The Supreme Court’s Activist, Pro-Corporate Opinions and Case Selection

April 27, 2010
Guest Post

By Glenn Sugameli, Staff Attorney, Defenders of Wildlife's Judging the Environment 

"Conservatives' court-packing ploy," an op-ed by Professor William Marshall, explained how Republicans'

"judicial activism" mantra has been inordinately effective in shaping the debate over judicial nominations. It has allowed them to push through deeply conservative nominees [and] changed the course of American jurisprudence from one based on advancing principles of equality and liberty to one centered on protecting wealth and privilege. The replacement of Justice Stevens stands as an opportunity for Obama to begin the process of returning our understanding of the Constitution to its essential moorings.

E.J. Dionne Jr.'s Washington Post column described how "the conservative intellectual offensive" has transformed

our discussion of the judiciary. That is why the coming clash over President Obama's next Supreme Court nominee ... must be the beginning of a long-term effort to expose how radically conservatives have altered our understanding of what the Supreme Court does and how it does it. Above all, it should become clear that the danger of judicial activism now comes from the right, not the left. It is conservatives, not liberals, who are using the courts to overturn the decisions made by democratically elected bodies ....

Accounts of right-wing judicial activism have focused on the Roberts' Court's opinions, and properly so. For example, my April 13th ACSblog guest post explained how laws that protect people and the environment are "threatened by activist Supreme Court Justices with agendas that result in plurality and bare majority opinions that are overly broad, unwarranted, and ignore or overturn established precedent."

In a series of Senate Judiciary Committee hearings, Chairman Patrick Leahy (D-Vt.) examined Court opinions that limited access to courts and laws safeguarding against workplace discrimination, pollution and corporate misconduct, and threats to health, safety, jobs, and retirement.

Many of the same opinions were the subject of recent reports by The Alliance for Justice ("Unprecedented Injustice: The Political Agenda of the Roberts Court") and People for the American Way ("The Rise of the Corporate Court: How the Supreme Court is Putting Business First)."

These and other opinions result from prior "certiorari" decisions whether or not to decide a case, as the Court controls its docket. Supreme Court Rule 10 provides: "Review on a writ of certiorari is not a matter of right, but of judicial discretion [and] will be granted only for compelling reasons."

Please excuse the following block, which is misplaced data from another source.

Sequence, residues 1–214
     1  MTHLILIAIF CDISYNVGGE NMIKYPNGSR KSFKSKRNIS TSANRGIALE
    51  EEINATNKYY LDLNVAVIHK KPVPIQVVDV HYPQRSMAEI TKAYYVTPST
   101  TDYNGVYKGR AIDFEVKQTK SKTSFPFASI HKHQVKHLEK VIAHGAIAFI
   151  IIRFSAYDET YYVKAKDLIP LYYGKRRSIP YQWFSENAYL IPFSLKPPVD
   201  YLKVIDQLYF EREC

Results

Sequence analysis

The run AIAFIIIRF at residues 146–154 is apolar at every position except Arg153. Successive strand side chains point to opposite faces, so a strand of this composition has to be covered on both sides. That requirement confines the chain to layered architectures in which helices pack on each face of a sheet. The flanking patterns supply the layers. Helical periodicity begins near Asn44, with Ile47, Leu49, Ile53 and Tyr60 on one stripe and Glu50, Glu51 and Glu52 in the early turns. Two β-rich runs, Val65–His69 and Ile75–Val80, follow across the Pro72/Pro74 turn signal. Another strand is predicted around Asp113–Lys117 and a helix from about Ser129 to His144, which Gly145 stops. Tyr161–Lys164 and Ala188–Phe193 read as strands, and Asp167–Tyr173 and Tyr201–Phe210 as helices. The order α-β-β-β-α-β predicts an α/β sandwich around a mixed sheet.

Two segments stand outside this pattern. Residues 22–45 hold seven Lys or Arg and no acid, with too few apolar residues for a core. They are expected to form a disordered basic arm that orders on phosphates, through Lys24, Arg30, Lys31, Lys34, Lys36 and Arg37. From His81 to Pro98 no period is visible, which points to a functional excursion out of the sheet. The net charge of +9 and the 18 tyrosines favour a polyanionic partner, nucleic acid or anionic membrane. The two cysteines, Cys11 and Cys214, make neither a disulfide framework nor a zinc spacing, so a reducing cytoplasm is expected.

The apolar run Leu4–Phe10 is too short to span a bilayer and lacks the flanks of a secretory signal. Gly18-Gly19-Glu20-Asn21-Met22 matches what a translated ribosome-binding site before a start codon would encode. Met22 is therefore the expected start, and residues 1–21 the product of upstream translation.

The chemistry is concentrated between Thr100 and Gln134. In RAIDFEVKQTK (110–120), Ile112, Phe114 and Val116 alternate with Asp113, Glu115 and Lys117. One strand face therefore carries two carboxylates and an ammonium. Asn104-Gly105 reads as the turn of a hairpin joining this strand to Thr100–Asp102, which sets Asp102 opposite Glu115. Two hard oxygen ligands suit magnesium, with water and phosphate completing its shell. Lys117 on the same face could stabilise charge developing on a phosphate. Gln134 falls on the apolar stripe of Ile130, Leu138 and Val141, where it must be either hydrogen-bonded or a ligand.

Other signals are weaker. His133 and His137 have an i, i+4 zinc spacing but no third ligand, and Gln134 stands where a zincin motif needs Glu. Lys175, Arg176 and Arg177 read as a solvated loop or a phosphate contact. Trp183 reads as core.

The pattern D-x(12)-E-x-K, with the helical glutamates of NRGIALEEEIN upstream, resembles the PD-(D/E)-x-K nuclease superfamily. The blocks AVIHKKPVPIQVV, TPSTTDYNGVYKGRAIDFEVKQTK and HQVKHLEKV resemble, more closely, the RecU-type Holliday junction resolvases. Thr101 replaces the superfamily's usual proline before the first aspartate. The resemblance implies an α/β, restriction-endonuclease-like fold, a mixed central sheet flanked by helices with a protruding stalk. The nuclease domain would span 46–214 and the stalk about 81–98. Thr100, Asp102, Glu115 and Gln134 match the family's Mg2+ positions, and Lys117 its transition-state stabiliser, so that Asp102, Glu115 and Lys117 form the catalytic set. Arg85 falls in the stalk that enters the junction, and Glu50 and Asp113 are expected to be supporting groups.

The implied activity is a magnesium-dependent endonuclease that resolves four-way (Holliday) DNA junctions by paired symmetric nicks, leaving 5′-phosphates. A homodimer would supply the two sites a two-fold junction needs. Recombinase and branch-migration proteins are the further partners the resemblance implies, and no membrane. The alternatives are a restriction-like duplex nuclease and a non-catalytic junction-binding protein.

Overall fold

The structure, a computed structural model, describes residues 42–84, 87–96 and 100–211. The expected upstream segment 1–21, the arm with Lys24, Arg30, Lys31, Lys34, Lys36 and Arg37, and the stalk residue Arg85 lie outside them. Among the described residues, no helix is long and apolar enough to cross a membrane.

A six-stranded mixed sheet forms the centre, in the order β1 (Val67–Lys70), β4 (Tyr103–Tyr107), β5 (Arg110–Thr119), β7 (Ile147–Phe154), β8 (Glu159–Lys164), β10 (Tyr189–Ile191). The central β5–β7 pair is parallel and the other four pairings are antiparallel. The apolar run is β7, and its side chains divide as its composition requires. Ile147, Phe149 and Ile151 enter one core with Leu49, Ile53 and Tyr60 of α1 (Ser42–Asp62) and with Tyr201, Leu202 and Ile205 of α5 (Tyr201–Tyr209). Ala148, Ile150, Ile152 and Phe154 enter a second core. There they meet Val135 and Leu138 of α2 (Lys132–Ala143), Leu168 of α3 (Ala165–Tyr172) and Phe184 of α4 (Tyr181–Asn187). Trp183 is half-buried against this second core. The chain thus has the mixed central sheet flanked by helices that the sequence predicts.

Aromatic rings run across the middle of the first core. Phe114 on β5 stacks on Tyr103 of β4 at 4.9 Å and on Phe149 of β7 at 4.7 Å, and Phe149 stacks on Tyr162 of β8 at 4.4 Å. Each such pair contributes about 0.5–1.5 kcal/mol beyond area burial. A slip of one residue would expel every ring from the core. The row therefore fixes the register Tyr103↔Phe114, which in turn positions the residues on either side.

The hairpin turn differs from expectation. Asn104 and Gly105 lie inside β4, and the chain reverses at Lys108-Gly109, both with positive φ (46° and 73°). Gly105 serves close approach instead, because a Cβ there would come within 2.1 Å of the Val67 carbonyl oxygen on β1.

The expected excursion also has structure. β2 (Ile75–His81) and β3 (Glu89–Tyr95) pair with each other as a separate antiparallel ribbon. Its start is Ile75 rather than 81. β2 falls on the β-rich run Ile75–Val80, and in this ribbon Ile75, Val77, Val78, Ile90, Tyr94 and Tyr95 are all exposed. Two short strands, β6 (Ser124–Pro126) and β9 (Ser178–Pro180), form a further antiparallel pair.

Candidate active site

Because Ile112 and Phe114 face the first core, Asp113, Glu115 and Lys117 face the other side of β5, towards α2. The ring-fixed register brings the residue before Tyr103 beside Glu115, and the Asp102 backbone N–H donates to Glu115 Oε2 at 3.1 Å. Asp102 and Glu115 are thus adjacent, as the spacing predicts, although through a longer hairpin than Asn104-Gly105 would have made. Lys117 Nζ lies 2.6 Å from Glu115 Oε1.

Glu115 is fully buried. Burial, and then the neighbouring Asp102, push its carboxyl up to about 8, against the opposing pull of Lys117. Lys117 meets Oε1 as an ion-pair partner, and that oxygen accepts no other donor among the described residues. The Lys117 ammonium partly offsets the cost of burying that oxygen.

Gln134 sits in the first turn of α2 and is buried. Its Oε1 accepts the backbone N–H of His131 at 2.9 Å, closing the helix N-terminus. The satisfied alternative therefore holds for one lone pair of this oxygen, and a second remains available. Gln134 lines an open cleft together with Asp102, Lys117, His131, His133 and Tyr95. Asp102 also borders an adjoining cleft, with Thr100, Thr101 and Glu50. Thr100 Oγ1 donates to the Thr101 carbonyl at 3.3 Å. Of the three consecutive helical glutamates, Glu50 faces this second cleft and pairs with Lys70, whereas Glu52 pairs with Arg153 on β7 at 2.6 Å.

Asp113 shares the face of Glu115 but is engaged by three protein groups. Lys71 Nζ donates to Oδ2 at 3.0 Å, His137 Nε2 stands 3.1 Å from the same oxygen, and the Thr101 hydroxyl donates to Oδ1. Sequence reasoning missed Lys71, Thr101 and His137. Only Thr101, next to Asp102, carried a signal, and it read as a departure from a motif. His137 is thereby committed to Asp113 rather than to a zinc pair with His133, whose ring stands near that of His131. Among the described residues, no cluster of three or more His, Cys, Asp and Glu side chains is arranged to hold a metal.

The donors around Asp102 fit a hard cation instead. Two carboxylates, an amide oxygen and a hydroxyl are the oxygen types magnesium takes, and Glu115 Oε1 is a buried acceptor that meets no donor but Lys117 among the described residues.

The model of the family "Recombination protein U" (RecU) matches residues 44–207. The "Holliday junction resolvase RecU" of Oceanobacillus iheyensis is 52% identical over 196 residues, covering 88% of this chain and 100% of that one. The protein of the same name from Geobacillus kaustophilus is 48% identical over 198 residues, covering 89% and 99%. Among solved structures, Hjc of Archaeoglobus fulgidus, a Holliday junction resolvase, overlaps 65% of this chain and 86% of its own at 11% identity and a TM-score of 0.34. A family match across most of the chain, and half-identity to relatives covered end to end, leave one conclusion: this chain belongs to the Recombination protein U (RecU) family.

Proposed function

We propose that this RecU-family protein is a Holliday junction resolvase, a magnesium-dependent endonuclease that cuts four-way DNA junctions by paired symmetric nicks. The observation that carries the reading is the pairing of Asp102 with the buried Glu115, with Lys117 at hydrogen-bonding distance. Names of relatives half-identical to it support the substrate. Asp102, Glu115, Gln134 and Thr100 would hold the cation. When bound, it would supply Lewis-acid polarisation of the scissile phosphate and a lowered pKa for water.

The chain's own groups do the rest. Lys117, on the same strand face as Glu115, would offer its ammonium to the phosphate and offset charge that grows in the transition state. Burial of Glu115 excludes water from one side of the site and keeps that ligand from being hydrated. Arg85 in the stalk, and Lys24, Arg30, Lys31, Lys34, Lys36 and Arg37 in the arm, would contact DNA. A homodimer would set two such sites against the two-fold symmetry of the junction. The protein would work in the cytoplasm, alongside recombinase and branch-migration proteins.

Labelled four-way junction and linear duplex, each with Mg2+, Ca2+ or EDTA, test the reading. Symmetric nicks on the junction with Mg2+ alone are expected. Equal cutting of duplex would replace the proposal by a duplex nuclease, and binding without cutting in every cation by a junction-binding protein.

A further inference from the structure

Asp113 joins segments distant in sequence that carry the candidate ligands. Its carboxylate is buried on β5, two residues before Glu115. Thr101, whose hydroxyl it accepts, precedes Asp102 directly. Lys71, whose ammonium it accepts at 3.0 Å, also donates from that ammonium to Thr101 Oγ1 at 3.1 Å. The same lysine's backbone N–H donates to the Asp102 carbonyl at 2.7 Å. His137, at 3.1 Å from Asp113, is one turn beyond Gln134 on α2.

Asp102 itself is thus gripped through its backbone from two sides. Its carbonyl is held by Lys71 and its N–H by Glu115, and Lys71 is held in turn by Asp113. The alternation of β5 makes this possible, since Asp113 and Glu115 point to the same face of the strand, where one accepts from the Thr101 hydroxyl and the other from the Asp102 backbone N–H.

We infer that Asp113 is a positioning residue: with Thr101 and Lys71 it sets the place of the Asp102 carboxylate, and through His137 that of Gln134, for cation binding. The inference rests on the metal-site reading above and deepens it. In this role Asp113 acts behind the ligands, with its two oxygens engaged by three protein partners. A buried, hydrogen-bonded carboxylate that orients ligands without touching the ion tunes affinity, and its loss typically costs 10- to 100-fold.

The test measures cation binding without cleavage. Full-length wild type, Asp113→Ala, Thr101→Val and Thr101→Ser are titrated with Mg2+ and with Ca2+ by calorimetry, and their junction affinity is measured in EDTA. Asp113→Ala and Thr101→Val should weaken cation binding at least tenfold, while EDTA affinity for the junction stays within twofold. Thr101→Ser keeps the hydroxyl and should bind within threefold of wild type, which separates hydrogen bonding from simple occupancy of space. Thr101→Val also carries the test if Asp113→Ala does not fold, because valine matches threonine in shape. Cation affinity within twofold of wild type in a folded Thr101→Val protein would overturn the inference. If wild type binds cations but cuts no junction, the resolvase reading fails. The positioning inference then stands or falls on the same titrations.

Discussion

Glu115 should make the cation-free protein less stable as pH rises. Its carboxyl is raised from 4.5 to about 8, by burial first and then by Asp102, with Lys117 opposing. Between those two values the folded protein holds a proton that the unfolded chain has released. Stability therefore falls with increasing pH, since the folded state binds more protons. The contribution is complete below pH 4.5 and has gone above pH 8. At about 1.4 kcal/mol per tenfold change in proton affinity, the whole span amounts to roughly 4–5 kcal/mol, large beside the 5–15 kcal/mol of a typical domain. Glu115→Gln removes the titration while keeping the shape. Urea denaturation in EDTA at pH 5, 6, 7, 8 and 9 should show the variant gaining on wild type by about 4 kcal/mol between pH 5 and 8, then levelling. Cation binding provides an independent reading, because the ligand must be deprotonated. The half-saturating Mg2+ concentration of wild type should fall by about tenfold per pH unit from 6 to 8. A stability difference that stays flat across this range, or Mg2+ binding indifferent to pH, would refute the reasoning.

Thus, understanding how the activist Court has undermined laws that protect ordinary Americans requires that attention must be paid to one-sided decisions whether or not to review environmental and other cases.

Professor Richard Lazarus has described how the Court "almost never grants review at the request of environmental groups .... [W]hen review is granted, it is almost always because a business is complaining .... The Court's jurisdictional grants are strikingly skewed in this respect, much more so than in any other area of law."

Today's oral argument in Monsanto Co. v. Geerston Seed Farms is the latest example. The Court granted Monsanto's petition to hear the case even though the Solicitor General opposed review "because the court of appeals itself set forth the correct legal standard and its decision does not squarely conflict with any decision of this Court or of any other court of appeals."

Normally, the Court relies heavily on advice from "The Tenth Justice" (the Solicitor General) on whether or not to grant review of a lower court decision. This is especially true when a federal party that lost the case not only does not petition for review, but files a brief in opposition to an industry intervenor request.

The Court's stunning 5-0, worst-ever record of anti-environmental rulings last Term resulted from this anti-environmental, pro-polluter trend on petitions for review. Even President George W. Bush's Solicitors General Paul Clement and Gregory Garre opposed review in three of those cases.

Clement filed briefs for the losing federal agency opposing industry intervenor petitions in both Clean Water Act cases. In Entergy Corp. v. Riverkeeper, Inc., the Court reviewed and reversed an issue in then-Judge Sotomayor's Second Circuit opinion even though there was no conflict with other Circuits and the opinion's impact "was not yet clear." There was also no circuit split in Coeur Alaska, and it was "unclear how important the court's decision will prove to be." In Burlington Northern, Garre stated: "The decision of the court of appeals is correct, does not conflict with any decision of this Court, and does not create a conflict among the courts of appeals."

My last ACSblog guest post explained how the anti-Clean Water Act "‘revisionist' plurality opinion in the 2006 Rapanos case displayed ‘antagonism to environmentalism,' in the words of the four dissenting Justices." The Roberts Court compounded this problem by denying Bush Solicitor General Garre's McWane petition for review even though, unlike the granted anti-environmental petitions, it met Rule 10's objective, traditional review criteria. Garre explained how, since Rapanos' "highly fractured 4-1-4 decision ... courts of appeals have struggled to identify the controlling rule of law .... The Eleventh Circuit's decision in this case creates an acknowledged circuit conflict on this seminal issue[,] misinterprets Rapanos and this Court's precedents governing how to interpret fractured decisions; creates "bizarre outcome[s]," ... will seriously impede enforcement of the CWA; and presents an issue of exceptional importance both to the government and to the regulated community."

[Image via hedonaut.]